Gardaí accused of concealing evidence on baton use

Ombudsman Commission’s allegations latest in a series of critical statements on Garda

Garda Ombudsman Commission  chairman Simon O’Brien told  the Joint Oireachtas Committee on Public Service Oversight and Petitions  it was unacceptable that, when asked for evidence, the Garda was querying with the commission why it wanted it. Photograph: Eric Luke

Garda Ombudsman Commission chairman Simon O’Brien told the Joint Oireachtas Committee on Public Service Oversight and Petitions it was unacceptable that, when asked for evidence, the Garda was querying with the commission why it wanted it. Photograph: Eric Luke

 


The troubled relationship between the Garda and the independent agency that polices it has deteriorated further, with the Garda Ombudsman Commission (Gsoc) accusing the force of concealing vital evidence about students being hit with batons by gardaí at a protest over college fee increases.

Gsoc also said Garda headquarters delayed to such an extent the provision of evidence that the investigation into the scenes witnessed at the Union of Students in Ireland (USI) protest in Dublin on November 3rd, 2010, was compromised.

In a new report on the protest, it said some of the information initially provided by the Garda was “misleading and later proved to be incorrect”.

The serious criticisms follow an appearance three weeks ago by senior officials from Gsoc – including chairman Simon O’Brien – before the Joint Oireachtas Committee on Public Service Oversight and Petitions in which the officials criticised the Garda for what they believed were deliberate delays in providing information.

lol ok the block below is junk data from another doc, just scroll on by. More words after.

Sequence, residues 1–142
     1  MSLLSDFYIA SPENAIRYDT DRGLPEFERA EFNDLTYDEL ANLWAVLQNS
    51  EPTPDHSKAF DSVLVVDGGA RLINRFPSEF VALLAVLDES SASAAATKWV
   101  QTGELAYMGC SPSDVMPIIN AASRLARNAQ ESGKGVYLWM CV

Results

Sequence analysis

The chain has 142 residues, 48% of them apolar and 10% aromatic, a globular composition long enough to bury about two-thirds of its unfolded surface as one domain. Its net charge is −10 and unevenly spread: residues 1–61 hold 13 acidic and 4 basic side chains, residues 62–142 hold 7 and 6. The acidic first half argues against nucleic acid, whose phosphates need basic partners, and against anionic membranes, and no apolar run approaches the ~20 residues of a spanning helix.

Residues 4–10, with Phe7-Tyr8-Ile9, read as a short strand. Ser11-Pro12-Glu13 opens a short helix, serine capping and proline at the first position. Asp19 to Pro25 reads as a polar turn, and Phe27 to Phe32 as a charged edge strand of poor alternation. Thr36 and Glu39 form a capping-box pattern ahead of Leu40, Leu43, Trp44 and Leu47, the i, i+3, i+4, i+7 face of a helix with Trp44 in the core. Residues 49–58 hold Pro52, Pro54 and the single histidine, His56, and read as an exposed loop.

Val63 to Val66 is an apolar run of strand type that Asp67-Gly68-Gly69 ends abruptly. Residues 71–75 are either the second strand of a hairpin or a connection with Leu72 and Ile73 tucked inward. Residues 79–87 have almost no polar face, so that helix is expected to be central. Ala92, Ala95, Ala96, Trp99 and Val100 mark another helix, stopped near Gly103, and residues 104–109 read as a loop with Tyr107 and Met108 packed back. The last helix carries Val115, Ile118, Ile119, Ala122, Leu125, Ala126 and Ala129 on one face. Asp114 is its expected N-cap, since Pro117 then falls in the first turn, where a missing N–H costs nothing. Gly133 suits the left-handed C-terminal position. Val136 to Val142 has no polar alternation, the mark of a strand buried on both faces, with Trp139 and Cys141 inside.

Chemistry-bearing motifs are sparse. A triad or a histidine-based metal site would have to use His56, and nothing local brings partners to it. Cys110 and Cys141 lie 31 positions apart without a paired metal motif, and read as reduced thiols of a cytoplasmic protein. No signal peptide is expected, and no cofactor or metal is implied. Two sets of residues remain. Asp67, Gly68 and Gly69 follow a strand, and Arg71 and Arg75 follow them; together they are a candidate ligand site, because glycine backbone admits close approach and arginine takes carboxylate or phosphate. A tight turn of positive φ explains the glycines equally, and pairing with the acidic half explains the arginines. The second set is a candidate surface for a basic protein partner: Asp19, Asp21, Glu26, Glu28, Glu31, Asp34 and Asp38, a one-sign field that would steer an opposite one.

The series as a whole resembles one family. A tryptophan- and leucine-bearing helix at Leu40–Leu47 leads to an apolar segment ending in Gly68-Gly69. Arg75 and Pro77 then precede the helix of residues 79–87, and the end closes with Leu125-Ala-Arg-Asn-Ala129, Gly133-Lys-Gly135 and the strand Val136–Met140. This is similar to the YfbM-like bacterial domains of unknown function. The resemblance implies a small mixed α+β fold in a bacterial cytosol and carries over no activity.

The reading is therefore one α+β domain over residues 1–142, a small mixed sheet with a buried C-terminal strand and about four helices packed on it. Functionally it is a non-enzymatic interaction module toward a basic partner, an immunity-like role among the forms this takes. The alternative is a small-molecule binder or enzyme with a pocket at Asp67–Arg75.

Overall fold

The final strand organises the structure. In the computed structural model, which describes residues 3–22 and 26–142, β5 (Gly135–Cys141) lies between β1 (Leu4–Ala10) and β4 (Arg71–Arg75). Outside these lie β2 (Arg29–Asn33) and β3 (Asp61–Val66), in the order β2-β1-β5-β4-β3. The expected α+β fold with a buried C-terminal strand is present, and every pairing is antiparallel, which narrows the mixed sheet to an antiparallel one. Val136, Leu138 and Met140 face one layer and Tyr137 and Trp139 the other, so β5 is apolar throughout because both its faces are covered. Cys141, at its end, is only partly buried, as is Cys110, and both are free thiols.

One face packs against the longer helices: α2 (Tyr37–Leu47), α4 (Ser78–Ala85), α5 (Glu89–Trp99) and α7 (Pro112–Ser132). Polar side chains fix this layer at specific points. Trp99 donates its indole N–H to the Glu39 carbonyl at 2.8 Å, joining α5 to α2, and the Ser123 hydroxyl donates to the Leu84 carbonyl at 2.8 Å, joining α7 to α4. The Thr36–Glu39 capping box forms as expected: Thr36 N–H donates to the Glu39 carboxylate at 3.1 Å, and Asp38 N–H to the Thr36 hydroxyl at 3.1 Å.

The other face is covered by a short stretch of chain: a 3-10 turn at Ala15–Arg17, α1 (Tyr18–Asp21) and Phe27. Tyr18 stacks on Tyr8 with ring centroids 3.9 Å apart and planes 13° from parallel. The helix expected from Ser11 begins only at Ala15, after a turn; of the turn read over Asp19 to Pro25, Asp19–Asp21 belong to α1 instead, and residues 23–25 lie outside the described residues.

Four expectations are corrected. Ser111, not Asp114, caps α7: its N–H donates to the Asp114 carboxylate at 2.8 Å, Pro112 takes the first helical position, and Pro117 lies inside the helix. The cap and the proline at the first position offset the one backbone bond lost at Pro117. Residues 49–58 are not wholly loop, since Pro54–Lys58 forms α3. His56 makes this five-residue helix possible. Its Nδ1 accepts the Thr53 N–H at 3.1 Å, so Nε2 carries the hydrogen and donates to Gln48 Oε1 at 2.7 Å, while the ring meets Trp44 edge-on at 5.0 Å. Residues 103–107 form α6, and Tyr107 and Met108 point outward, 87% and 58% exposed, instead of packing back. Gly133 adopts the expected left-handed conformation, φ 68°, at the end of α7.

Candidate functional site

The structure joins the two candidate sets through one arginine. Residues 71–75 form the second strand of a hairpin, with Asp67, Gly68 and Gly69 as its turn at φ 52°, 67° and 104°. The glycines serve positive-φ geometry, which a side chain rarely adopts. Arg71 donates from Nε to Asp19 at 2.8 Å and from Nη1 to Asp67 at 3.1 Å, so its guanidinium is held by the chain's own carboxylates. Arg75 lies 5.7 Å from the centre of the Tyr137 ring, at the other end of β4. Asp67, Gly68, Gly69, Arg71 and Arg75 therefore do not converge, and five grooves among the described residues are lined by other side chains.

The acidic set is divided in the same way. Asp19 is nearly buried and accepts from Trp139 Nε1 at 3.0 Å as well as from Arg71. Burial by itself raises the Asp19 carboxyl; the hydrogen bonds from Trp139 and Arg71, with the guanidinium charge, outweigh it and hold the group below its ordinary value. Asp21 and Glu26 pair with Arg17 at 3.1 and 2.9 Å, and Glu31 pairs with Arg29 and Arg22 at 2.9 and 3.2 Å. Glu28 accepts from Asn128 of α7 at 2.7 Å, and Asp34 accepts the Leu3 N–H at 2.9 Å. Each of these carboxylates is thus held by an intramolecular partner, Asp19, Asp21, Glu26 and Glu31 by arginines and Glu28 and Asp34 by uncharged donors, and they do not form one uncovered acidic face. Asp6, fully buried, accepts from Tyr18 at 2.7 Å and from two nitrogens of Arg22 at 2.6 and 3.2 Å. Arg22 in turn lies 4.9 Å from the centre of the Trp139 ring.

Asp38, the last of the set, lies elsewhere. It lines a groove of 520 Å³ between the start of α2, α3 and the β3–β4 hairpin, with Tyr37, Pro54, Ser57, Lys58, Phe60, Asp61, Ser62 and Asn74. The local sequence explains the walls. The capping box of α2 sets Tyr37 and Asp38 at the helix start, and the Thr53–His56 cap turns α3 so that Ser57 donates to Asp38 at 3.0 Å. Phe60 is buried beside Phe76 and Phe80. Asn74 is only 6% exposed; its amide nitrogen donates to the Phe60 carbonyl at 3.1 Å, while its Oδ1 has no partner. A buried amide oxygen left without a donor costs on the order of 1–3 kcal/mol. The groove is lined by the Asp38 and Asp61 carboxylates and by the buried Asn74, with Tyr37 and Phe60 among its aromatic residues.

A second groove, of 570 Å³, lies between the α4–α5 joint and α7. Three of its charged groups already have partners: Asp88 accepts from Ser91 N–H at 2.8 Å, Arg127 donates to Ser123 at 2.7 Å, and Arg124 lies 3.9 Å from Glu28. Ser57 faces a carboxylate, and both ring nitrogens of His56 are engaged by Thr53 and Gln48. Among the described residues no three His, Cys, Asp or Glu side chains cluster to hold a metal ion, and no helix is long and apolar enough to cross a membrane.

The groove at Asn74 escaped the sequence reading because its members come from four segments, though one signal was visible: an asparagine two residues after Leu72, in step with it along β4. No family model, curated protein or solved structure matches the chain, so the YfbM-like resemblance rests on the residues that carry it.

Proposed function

Unacceptable
Mr O’Brien also said it was unacceptable that, when asked for evidence, the Garda was querying with Gsoc the reasons why it wanted that evidence.

In relation to the findings, Garda Headquarters said in a statement it did not comment on individual cases.

However, it added Garda Commissioner Martin Callinan had last week met Gsoc chairman Mr O’Brien “with a view to creating greater efficiency between both agencies and ensuring both organisations fulfil their statutory remit”.

As well as the criticism of delays in providing evidence, the Gsoc report expresses concern over non-compliance with regulations stipulating that individual gardaí draw up reports explaining why they had drawn and/or used their batons.

Missing identification
Some gardaí on duty at the USI protest were not wearing their Garda identification number.

Some 24 weeks elapsed before the Garda issued a substantive reply to Gsoc’s initial request for “all statements, reports, notebook entries, CCTV, duty sheets, baton reports and video footage” relating to the November 2010 clashes, despite protocols stipulating such requests should be complied with within 30 days.

When a reply was forthcoming, it was to inquire why Gsoc wanted the material, rather than to provide it.

Gsoc was in July 2011 given five documents and assured that “no reports or statements have been submitted by individual gardaí who were on duty at the time of the protest”.

However, in April 2012 as Gsoc was interviewing gardaí policing the protest it emerged a file to the DPP existed with over 60 reports from gardaí on duty during the day in question.

A copy of that file was received by Gsoc on August 21st, 2012; a year and nine months after the incident. The file also revealed two gardaí had recorded the disturbance on cameras.

The footage was obtained two years after the incident and helped Gsoc identify a number of gardaí on duty.